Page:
This time of quarantine can have a wide range of effects on people depending on life circumstances as well as their age.
Barrette Plett is a counsellor at Recovery of Hope in Winkler and is also a teacher with the Garden Valley School Division. Plett says his training and specialization as a counsellor is with families and children, however, he sees clients in all areas.
Plett says the pandemic has forced an upheaval in our daily routines, and we’ve been left making our new routines and schedules as we go. He says, for a lot of people, that has been leading to something that can be referred to as decision fatigue.
He says we’re usually on autopilot for many of our decisions throughout the day, and now we have to make decisions about more things throughout the day. Having to make more decisions takes mental energy, Plett added. “The more decisions we have to make about small things we used to not have to make, like, do I take the kids along to the grocery store or not? Should I use my hand sanitizer before or after I go into the grocery store? There are all these decisions, and it just makes us feel drained.”
Plett says, because this is new territory for almost everybody, we don’t have any comparison points to past experience, so it’s hard to know whether we’re doing a good job or not. He says we can only compare to what we see on social media, and on social media, we are often getting a false picture, as it often looks like someone else is handling the situation perfectly.
The decision fatigue Plett is seeing right now is something he would often see when someone experiences a major life transition like a death in the family or employment change, where someone or a family is trying to establish a new normal. The difference now, it’s happening so rapidly, and it’s happening to everybody. “Most of us have that one solid friend we could turn to, and now that friend is trying to figure things out.”
Even if it’s only week by week, Plett recommends wherever possible, to try and set new routines.
“As we go through this journey, it’s important that we give ourselves grace, and we need to forgive ourselves, and not hold ourselves to too high a standard,” says Plett. “We’re all doing the best we can.”
Plett adds, for parents, wherever possible, they should try to find ways to do self-care. “Especially for a lot of parents who are spending more and more time with their kids than they’ve been used to. If they can find ways to get out, and get a break, that’s important.”
As we remain in a time of waiting, and with the uncertainty of not knowing when this will end, Plett says that can become an uncomfortable place to be. “I think it’s important, because of the uncertainty, to not put things on hold and just feel like we’re waiting, then we feel trapped. I think, if we like we can act, if we take actions that are manageable for us, it will help us to feel like we’re not just stuck and waiting.”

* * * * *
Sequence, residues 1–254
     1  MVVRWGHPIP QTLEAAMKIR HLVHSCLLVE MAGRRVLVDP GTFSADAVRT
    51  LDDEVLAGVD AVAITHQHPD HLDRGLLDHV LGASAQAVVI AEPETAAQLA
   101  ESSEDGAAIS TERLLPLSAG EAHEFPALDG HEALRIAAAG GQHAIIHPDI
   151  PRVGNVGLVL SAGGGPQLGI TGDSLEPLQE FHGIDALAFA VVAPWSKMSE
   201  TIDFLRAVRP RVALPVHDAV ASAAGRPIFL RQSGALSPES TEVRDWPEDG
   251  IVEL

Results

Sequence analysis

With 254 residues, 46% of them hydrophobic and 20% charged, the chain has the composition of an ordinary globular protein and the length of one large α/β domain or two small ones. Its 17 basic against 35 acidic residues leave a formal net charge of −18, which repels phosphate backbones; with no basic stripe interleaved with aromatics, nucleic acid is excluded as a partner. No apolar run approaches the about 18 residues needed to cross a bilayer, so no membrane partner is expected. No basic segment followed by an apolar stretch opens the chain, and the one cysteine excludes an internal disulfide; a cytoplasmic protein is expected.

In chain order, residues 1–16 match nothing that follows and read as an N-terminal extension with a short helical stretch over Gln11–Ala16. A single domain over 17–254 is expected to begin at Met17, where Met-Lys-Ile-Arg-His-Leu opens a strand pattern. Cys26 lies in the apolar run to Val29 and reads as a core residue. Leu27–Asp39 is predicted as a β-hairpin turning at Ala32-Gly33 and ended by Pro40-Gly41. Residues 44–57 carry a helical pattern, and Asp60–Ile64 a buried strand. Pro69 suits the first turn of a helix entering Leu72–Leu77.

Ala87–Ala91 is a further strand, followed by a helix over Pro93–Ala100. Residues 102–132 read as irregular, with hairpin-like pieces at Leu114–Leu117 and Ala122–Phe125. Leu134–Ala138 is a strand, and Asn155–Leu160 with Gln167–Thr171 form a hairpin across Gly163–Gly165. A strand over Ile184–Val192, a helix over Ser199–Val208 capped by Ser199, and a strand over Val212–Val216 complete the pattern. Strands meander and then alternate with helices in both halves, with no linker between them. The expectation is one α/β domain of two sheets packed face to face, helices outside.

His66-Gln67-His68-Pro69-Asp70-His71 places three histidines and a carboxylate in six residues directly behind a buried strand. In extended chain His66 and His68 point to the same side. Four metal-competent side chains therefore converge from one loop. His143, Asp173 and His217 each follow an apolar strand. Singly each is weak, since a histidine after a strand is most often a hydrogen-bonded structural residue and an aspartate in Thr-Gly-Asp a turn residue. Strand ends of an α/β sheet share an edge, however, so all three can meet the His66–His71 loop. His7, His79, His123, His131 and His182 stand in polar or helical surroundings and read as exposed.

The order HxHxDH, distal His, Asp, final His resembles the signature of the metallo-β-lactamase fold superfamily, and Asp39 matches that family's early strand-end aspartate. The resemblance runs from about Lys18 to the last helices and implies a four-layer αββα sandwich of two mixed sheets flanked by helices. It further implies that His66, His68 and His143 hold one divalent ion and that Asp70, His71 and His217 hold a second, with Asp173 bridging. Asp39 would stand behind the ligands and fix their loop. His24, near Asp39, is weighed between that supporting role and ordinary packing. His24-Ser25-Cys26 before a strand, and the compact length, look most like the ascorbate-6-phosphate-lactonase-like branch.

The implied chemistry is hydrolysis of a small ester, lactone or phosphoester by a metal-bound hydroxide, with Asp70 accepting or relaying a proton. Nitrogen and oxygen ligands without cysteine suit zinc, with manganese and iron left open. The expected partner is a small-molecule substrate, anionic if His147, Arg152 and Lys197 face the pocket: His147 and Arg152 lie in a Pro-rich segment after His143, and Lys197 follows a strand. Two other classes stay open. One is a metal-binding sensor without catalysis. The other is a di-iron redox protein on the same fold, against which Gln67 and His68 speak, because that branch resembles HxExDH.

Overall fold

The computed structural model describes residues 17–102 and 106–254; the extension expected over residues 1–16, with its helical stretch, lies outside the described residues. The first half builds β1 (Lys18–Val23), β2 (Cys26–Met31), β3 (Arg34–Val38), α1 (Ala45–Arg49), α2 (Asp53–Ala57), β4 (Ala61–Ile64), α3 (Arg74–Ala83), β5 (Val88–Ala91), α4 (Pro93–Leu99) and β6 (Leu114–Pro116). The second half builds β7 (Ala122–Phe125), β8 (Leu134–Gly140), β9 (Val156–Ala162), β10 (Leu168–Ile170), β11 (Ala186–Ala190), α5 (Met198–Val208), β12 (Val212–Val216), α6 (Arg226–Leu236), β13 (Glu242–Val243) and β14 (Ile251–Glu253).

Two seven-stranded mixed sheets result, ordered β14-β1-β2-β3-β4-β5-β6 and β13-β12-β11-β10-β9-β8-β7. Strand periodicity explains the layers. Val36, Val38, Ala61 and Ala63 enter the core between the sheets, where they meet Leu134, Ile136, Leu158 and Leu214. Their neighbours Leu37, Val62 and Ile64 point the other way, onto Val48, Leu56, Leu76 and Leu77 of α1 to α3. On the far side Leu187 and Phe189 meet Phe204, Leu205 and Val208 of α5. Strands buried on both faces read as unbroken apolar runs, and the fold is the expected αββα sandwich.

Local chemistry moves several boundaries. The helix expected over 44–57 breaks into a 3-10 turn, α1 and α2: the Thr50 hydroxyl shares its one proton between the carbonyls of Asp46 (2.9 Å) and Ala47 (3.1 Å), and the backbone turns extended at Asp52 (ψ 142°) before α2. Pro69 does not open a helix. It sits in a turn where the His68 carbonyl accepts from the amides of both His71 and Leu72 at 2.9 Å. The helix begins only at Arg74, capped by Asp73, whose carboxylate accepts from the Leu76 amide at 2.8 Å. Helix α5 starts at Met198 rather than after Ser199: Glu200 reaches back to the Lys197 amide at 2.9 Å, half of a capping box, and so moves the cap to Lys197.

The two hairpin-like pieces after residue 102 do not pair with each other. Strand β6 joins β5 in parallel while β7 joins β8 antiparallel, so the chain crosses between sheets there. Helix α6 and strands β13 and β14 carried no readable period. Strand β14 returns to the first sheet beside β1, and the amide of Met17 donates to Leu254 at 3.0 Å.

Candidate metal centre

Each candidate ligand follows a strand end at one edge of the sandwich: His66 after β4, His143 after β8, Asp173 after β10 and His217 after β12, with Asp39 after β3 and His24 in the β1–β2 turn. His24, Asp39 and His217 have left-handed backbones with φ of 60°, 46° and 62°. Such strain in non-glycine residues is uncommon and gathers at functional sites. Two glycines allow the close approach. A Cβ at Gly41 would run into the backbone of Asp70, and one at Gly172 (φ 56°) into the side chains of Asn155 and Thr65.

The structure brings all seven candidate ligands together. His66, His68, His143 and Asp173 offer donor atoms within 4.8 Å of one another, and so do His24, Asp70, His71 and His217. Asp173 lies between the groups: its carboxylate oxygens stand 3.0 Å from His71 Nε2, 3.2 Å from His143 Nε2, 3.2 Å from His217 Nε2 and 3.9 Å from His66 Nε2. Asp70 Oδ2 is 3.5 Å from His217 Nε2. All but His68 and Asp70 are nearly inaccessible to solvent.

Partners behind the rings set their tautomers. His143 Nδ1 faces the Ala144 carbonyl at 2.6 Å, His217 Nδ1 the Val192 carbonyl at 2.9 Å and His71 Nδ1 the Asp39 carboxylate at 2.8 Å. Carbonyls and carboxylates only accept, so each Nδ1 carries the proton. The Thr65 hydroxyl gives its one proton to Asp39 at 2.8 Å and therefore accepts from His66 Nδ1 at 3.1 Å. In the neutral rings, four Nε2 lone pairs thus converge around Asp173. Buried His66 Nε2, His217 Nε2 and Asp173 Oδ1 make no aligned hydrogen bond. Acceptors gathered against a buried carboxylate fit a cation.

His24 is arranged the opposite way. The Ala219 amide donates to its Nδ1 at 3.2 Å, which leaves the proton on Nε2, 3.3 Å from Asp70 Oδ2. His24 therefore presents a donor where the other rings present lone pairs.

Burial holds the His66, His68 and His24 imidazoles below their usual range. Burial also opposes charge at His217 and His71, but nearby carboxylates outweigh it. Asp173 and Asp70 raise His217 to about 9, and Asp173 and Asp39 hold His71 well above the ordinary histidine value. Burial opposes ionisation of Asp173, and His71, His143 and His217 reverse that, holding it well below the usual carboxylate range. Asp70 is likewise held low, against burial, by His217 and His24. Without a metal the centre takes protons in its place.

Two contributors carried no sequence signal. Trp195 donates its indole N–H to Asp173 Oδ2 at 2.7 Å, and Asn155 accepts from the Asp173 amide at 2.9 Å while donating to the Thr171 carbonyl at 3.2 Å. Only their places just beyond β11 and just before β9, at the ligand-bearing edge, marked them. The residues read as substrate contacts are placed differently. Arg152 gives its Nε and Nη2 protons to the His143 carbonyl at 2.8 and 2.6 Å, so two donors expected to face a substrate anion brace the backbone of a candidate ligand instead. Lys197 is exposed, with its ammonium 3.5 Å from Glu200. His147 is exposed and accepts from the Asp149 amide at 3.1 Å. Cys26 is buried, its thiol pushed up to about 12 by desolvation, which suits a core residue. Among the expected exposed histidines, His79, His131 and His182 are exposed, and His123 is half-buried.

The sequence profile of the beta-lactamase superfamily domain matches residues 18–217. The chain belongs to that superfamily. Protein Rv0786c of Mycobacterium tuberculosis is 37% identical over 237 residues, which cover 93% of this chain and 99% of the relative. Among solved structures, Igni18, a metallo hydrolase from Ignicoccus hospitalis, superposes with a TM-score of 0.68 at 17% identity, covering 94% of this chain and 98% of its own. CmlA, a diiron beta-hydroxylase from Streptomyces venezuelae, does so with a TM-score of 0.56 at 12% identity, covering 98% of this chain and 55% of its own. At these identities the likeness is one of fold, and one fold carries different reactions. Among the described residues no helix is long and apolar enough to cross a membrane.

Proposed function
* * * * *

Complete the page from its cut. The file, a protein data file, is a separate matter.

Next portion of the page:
Unplugging from social media and news as much as possible can also help reduce the feeling of being overwhelmed by the situation. “To unplug and disconnect from that as much as possible, and to get outside and be in nature is therapeutic. Just being outside and getting fresh air, those are important things.”
Just like adults, the uncertainty of the situation surrounding COVID-19 can cause similar stress for young kids and teenagers.
For a lot of young kids, Plett says not getting to see family and friends, and not getting hugs from their grandma can be stress triggers. “Even if they see people, not getting to touch them or hug them. Kids don’t respect personal space the way that adults do. They like to be close, they’re close talkers, they are tactile, so it’s really tough for kids not to be able to connect in those ways.”
Plett says kids can also take on the stress of their parents. “I don’t want to say that, and make parents worry, that now, because they’re stressed, they have to not be stresse,d so that their kids aren’t stressed, that’s just a vicious cycle. But it is something to notice.”
Kids also thrive on routine, so that may also be causing some stress for kids.
Meanwhile, since social distancing measures began in response to the pandemic, Plett notes he’s spoken to a few other practitioners who work with kids that have behavioural challenges. He says they’ve noted a number of those kids aren’t having as much trouble because some of the daily pressures they usually face have been reduced.
When it comes to teenagers, Plett notes one big difference is that many are feeling an acute lack of connection with their peers. He says developmentally teenagers are looking to differentiate with their parents and to connect with peers. “They’re very focused on friendships so it’s very hard not being able to see their friends although with technology they can feel connected. I think the other thing for some teenagers, especially those in grades 11 and 12 and maybe just after high school, they’re wondering how this will affect their graduation and plans for after high school.”
Plett says when kids do talk to their parents or an adult, it’s important for the adult to know that they won’t always have an answer or solution. “If a kid raises a concern that we can’t solve, like when are we going back to school? Kids are going to have lots of concerns right now that we can’t do anything about, and it’s really okay for us as parents to say, you know, I’m wondering about that too, it’s really hard not knowing.”
Plett says we can hold back on our instinct on trying to solve the kid’s problems because it’s also validating and helpful for people just to have their concerns heard and validated, even if there isn’t anything we can do to alleviate those concerns.”
Reprinted with permission from Pembina Valley Online